MR. GURUNG: There’s still an appetite for hope, idealism and beauty that persists even during these times. There are people planning for their lives after the pandemic. There are places in the world that have handled the pandemic better than others, and therefore have resumed their activities and gatherings in one manner or another. There are people who want sweatpants, but not everyone does. When you’re at home you wear sweatpants, but not everyone walks around in sweatpants. There’s no place for big gowns, yes. But I don’t see New Yorkers dressing down. And then you have a certain sector of the industry where everyone’s dressed up for a Zoom party. We continue to provide for these segments of the market and have offerings for people stuck at home or socializing in pods to enjoy this time.

WSJ: What effect has this moment had on your designs? On your website, for example, you’re offering silk pajamas and matching sleep masks.

MR. GURUNG: Pajamas and things have always been a part of our repertoire. But right now it has been a big focus. It’s still the same fabrics I use to make beautiful dresses and it’s made in New York, so, we don’t compromise on the quality. At the end of the day, even pajamas, even sweatpants, I don’t want it to be just a throwaway. (The Prabal Gurung label also recently added a $250 stem-floral embroidered hoodie and a $150 stem-floral embroidered logo sweatshirt to its website.)

We have a wider range in terms of prices and in terms of styles and offerings. For the spring collection, it’s a lot more pragmatic.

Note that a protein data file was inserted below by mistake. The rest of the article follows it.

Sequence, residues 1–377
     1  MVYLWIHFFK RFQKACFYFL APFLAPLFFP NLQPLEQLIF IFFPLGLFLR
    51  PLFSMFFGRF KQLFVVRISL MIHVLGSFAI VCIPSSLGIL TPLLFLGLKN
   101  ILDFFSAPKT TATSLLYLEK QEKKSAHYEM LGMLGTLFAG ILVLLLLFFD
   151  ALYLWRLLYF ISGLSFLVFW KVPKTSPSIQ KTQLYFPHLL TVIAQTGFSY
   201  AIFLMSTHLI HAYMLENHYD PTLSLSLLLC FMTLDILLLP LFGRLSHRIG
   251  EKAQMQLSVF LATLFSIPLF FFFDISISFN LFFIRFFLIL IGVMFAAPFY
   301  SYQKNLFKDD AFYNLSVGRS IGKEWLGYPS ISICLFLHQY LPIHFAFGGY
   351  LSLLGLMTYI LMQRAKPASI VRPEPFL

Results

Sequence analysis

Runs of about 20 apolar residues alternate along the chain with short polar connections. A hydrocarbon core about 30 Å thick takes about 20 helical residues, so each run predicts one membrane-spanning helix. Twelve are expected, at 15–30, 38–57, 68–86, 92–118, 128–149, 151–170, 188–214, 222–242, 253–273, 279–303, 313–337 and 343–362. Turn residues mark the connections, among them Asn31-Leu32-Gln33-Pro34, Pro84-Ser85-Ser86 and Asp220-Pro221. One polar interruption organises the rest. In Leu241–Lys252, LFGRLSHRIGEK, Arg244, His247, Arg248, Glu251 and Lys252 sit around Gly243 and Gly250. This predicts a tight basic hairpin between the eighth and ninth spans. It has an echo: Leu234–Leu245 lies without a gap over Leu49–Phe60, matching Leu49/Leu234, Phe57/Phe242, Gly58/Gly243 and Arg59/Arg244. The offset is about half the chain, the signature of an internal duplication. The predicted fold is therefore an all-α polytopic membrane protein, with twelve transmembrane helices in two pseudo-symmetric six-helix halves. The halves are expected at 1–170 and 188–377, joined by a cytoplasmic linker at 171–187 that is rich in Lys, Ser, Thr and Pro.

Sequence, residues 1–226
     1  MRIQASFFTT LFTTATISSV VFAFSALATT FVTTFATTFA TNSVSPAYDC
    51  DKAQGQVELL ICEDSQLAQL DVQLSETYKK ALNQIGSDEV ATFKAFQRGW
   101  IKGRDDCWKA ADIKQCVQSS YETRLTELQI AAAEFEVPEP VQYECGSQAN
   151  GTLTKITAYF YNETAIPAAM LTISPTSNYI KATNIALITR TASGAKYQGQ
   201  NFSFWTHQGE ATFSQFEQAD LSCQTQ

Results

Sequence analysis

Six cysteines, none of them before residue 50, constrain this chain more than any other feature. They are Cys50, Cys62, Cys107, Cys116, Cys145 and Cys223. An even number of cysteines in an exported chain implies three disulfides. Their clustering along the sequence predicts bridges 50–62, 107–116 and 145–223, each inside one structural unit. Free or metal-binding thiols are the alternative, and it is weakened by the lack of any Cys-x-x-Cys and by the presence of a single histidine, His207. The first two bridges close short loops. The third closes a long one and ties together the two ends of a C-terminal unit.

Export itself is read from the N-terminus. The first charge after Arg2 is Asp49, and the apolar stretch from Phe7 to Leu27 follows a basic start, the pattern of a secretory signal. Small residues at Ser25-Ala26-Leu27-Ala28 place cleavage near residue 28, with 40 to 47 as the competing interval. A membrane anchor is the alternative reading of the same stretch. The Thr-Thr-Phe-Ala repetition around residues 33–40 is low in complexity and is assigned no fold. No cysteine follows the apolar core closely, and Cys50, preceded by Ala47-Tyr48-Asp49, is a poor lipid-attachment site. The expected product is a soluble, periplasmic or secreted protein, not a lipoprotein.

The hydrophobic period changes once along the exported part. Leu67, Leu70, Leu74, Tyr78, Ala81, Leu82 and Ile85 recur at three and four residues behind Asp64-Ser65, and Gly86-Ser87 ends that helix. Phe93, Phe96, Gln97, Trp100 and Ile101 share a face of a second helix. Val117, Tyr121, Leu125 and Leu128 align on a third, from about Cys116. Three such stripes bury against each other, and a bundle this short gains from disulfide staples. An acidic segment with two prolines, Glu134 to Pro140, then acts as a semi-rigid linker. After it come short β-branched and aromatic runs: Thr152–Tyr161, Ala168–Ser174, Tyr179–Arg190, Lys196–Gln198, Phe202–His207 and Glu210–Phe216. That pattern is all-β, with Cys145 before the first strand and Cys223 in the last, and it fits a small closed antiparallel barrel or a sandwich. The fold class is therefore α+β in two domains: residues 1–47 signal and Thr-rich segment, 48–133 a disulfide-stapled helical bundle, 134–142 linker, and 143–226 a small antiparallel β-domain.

WSJ:Some designers are putting on virtual presentations instead of runway shows, or they put on shows with socially distanced audiences. What will fashion weeks and shows look like for the foreseeable future?

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MR. GURUNG: There’s nothing more magical than a runway show. The perfect moment where the first look walks out. The music. The atmosphere. How people are reacting. I think the traditional runway-show format will always be around. But I believe that designers will feel more free to do what feels right for them, to present when and how they feel it will speak most truly to their collection. I don’t know if everyone’s going to show twice a year or four times a year anymore. I think the calendar will be more mixed in terms of types of events, with digital and in-person shows.

I also hope brands try to reduce waste associated with big events. Many production companies have taken this time to proactively think about how they can create more eco-friendly shows.

WSJ:You launched your label during a recession and witnessed the economy and fashion rebound. Can fashion bounce back this time?

MR. GURUNG: In challenging times like this, this is where creativity, invention, new ideas and new cultural moments happen. I’m not just romanticizing this idea, and I know how challenging it is for the majority of us. But I’ve always been a glass-half-full, or three-quarters-full, kind of guy. I think with this positive news about the vaccines, there’s a renewed sense of hope and optimism for the market. As things open back up, there will be increased spending and desire for beautiful items. It is just a matter of time.

WSJ:How confident are you that issues like inclusion and sustainability will be more than just temporary, trending topics for the fashion industry?

MR. GURUNG: I always operate from a place of hope, so my hope is that it is a movement that continues so that we can have a real, long-lasting change, and not a moment. As history has shown often, if the marginalized communities, if all of us, are not active in the conversation and do not hold people accountable, the movement dies down. We have a long way to go, but I’m hopeful.

Mr. Smith is a reporter for The Wall Street Journal in New York. He can be reached at ray.smith@wsj.com.